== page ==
But this place is really, really good and is famous for their lomito arabes. They have beef, chicken, and lamb, as well as some mixtures of these. I had the beef and it was really good.
I also had the chance to have the national drink, Guarana. It’s a kind of pop with some kind of berry in it. It has a really weird taste, with kind of a bitter edge, but it really is delicious.
I also got to have my first grocery shopping experience in Paraguay yesterday. It’s not all that different except for the deli, which I didn’t get a picture of, unfortunately. There were chorizos and salchicas just hanging from hooks. The other cool thing was the cereal aisle. They have a lot of American cereals, because Kellogs apparently has a branch in Brazil.
The next two nights should be fun. And interesting. Last night a few of the youth people asked the Birs if they could take me to dinner tonight so that they could get to know me. Only one of them speaks a little bit of English, so it should be interesting. But I’m really excited, because maybe this will be a chance for me to make some friends and hopefully get my mind off of being homesick. Tomorrow night, there’s a youth service and one of the girls wants me to go to it so that she can introduce me to the forty people in the young people’s group. That absolutely terrifies me because my Spanish is fairly limited. I guess this is the only way for me to get used to speaking Spanish, but I’m terrified I’m going to say something stupid or that I’ll offend people or something.
Thank you for all of the encouragement that I’ve received in my comments and some emails. I love that you all are praying for me and rooting for me to stay the whole six months. There are just things that I need to make decisions on, and while if I could stay for the whole six months, that would be great, I think that emotionally, three months is going to be my limit for now. My visa is up in September and I can either get it renewed or I can just come home then. There are many things right now that I’m really dealing with, and it’s not just the homesickness. That is a huge part of it, but there are other things that factor into what I’m dealing with right now. I have been in a situation before where I was pressured to stay somewhere because people would be upset if I didn’t, and after going through that situation, I welcome advice, but I really don’t care to put myself through that again, especially I’m dealing with a country 6000 miles away from home. Nobody knows all of my situation right now, except for God, and trust me, I have prayed probably more than I ever have in the past week. If I keep the mindset that I’m not going to be home until December, I’m not going to make it. Six months is too big of a time frame for me to fathom with how I feel right now, especially since I now have technical difficulties and can no longer talk to my parents because my computer for some reason won’t accept the microphone.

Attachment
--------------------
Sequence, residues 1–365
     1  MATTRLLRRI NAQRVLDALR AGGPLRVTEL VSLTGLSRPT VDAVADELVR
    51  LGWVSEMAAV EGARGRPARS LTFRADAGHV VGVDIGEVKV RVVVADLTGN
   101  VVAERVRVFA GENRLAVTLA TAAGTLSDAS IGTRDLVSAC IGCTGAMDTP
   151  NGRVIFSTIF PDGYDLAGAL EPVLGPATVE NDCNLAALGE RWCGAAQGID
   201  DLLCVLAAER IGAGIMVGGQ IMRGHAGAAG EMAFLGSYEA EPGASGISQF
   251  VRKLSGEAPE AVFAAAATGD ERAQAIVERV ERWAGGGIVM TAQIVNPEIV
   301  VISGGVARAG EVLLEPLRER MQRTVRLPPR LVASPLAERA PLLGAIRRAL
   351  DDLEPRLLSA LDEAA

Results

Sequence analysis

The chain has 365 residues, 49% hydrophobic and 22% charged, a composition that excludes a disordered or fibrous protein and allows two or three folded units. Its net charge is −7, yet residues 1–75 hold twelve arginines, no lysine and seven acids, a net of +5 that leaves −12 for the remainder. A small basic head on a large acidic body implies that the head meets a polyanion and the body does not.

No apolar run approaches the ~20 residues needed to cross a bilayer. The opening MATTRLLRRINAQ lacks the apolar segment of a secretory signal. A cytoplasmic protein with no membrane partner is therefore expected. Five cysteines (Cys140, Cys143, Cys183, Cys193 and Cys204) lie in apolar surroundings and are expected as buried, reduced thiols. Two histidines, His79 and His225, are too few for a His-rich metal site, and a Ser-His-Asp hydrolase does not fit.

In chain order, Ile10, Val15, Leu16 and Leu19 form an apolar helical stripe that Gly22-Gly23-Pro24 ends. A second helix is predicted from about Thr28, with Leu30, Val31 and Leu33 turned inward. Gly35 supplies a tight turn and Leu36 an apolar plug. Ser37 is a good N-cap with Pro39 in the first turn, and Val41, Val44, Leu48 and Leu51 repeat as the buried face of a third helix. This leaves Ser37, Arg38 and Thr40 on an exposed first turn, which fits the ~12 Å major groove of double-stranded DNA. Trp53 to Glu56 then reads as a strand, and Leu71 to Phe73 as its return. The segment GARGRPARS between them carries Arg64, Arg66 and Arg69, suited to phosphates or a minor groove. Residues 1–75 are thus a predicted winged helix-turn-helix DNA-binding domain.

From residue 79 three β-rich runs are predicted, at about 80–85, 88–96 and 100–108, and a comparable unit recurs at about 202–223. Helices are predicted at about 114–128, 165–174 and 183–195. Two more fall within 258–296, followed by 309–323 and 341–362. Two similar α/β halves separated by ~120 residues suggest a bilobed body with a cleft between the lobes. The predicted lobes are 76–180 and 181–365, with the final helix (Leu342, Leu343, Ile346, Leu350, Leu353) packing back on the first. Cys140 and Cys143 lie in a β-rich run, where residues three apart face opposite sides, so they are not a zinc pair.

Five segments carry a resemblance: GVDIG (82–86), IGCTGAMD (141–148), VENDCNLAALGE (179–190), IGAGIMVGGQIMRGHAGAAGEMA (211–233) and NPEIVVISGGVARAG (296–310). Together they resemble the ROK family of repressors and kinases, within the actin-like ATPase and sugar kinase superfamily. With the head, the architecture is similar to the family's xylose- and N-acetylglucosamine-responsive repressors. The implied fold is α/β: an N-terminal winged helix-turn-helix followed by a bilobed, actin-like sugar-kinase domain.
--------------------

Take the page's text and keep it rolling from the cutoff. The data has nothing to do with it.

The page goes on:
Just because right now I’m feeling like this trip isn’t going to be as long or in depth as I originally planned, doesn’t mean that I’m writing off ever doing missions ever again. Right now, I’m actually thinking that I’m much better as a Metro Missionary, because when I went to DC without my family, I was fine. Homesick, but not distraught and not eating like I have been here. I honestly don’t know what this means right now.
My mom last night brought the story of Mark and Paul to my mind. Mark got homesick, went home, and later on Paul wanted him to come back, even though he had written him off for leaving before. Maybe now isn’t the right time. Maybe what I’m supposed to get from this is that I’m not supposed to do foreign missions. Maybe I’m really a home missionary. I don’t know. I’ve made it through three days without dying.